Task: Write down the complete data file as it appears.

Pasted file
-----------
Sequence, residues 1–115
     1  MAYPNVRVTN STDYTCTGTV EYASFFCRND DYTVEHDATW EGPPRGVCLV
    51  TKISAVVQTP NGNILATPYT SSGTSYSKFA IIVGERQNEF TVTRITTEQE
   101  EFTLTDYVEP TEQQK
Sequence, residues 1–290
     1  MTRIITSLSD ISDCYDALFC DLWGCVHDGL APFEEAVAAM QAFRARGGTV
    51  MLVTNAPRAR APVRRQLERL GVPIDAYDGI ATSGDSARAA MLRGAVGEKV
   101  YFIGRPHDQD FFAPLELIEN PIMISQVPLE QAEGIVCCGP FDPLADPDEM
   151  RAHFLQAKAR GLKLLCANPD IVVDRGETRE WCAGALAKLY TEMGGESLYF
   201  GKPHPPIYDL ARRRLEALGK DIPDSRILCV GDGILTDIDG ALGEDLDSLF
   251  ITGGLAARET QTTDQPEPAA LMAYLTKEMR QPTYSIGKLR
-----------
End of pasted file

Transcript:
Sequence, residues 1–115
     1  MAYPNVRVTN STDYTCTGTV EYASFFCRND DYTVEHDATW EGPPRGVCLV
    51  TKISAVVQTP NGNILATPYT SSGTSYSKFA IIVGERQNEF TVTRITTEQE
   101  EFTLTDYVEP TEQQK
Sequence, residues 1–290
     1  MTRIITSLSD ISDCYDALFC DLWGCVHDGL APFEEAVAAM QAFRARGGTV
    51  MLVTNAPRAR APVRRQLERL GVPIDAYDGI ATSGDSARAA MLRGAVGEKV
   101  YFIGRPHDQD FFAPLELIEN PIMISQVPLE QAEGIVCCGP FDPLADPDEM
   151  RAHFLQAKAR GLKLLCANPD IVVDRGETRE WCAGALAKLY TEMGGESLYF
   201  GKPHPPIYDL ARRRLEALGK DIPDSRILCV GDGILTDIDG ALGEDLDSLF
   251  ITGGLAARET QTTDQPEPAA LMAYLTKEMR QPTYSIGKLR